In a letter written from prison, Andrei Pachobut (Andrzej Poczobut), journalist and activist of the Union of Poles in Belarus, says that he soon expects to be sentenced and sent to a prison camp. His letter was published via the Telegram app by the Belarusian human rights organisation Viasna, delegalised by the Belarusian regime of Alyaksandr Lukashenka.
Zbigniew Rau, Polish Minister of Foreign Affairs, currently on a state visit to Slovenia, was asked by journalists whether Poland has come to terms with the possibility of Pachobut being sent to a prison camp.
“Poland has absolutely not come to terms with this and will never come to terms with the violation of human rights or with the treatment of the representatives of the Polish minority in Belarus as hostages. The actions that the Lukashenka regime is using in this dialogue of sorts with our country deserve the most severe condemnation,” said the top Polish diplomat.
Minister Rau enumerated some other outrages perpetrated by the Belarusian dictatorship recently, such as “illegally inducing foreigners from North African and Middle Eastern countries to cross our border; this is the purpose of the persecution of our compatriot in Belarus, as well as the repeated desecration of graves that we hold so dear and that are a testimony to our shared identity.”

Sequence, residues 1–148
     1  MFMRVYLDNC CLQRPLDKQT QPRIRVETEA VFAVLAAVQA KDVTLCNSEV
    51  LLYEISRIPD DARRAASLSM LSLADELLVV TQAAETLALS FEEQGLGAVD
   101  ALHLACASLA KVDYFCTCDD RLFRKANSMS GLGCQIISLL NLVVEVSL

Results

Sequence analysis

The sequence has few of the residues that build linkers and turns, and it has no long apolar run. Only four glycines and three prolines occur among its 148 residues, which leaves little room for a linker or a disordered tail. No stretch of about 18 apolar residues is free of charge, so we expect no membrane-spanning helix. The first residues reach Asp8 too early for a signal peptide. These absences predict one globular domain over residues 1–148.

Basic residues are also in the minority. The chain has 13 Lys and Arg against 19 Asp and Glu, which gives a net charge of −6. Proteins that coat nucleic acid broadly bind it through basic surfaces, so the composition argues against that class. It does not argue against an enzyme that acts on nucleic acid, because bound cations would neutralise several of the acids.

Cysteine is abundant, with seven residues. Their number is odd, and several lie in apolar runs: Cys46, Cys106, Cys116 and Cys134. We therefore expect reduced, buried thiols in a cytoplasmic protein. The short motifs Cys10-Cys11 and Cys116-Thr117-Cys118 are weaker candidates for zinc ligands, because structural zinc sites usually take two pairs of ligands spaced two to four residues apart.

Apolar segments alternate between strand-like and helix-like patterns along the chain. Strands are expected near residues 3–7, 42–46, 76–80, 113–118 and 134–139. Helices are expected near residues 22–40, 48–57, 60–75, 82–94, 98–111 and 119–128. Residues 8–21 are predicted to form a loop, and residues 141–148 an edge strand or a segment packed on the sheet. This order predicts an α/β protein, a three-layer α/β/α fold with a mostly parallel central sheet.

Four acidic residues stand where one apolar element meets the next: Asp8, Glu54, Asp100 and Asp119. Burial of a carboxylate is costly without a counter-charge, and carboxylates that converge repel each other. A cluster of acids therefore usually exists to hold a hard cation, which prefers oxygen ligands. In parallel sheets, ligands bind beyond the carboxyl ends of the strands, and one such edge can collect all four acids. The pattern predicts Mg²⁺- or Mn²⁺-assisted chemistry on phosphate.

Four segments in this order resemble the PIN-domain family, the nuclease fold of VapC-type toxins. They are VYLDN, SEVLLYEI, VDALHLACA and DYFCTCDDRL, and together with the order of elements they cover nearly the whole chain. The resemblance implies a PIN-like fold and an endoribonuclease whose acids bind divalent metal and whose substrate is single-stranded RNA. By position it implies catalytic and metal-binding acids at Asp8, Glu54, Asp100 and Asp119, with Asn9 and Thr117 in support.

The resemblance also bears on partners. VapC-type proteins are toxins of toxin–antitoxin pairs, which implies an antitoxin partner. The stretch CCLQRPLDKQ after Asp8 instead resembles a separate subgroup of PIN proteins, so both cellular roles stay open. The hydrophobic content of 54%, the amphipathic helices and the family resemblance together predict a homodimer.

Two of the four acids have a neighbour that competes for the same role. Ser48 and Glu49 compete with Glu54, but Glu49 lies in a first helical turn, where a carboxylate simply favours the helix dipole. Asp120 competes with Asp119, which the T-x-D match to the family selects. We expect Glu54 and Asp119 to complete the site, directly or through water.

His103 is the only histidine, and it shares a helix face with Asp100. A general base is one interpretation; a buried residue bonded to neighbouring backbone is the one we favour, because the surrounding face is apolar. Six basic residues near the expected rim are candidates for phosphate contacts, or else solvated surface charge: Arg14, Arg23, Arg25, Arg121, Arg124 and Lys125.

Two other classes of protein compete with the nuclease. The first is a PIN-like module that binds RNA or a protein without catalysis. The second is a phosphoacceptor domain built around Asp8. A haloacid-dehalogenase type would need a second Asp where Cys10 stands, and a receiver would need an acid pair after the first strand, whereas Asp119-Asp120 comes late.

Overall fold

The imprisonment of Pachobut
Back in min-August, the independent Belarusian Association of Journalists said it had information Andrei Pachobut’s case will soon go on trial.
Pachobut had been arrested in March 2021, along with Anzhalika Borys (Andżelika Borys), the head of the Union of Poles in Belarus, who has been released a year later.
“Thank you for remembering about me and for not being indifferent to my plight. Of course, it is nice to know, that one has not been forgotten, even though my captivity has lasted for 17 months. Everything is as per usual on my end. The prison, the cell, the bars, all those are now well-known to me and familiar :),” wrote Pachobut.
He writes that there are rumours he will soon be put on trial.
“I do not delude myself as to the outcome [of the trial], I will accept the sentence calmly and with a clean conscience, I will go to the prison camp. Well, such is my lot. I have always known, that if such times come to Belarus, I will go to prison. As my present situation shows, I was correct,” the imprisoned journalist writes, adding that the prison is full of “many interesting people, so I also have someone to talk to.”
Belarusian human rights organisations, Polish authorities, and the international community, widely recognise the oppressive measures Lukashenka’s regime uses against representatives of the Polish minority as politically motivated and part of a crackdown on civil society and freedom of expression.
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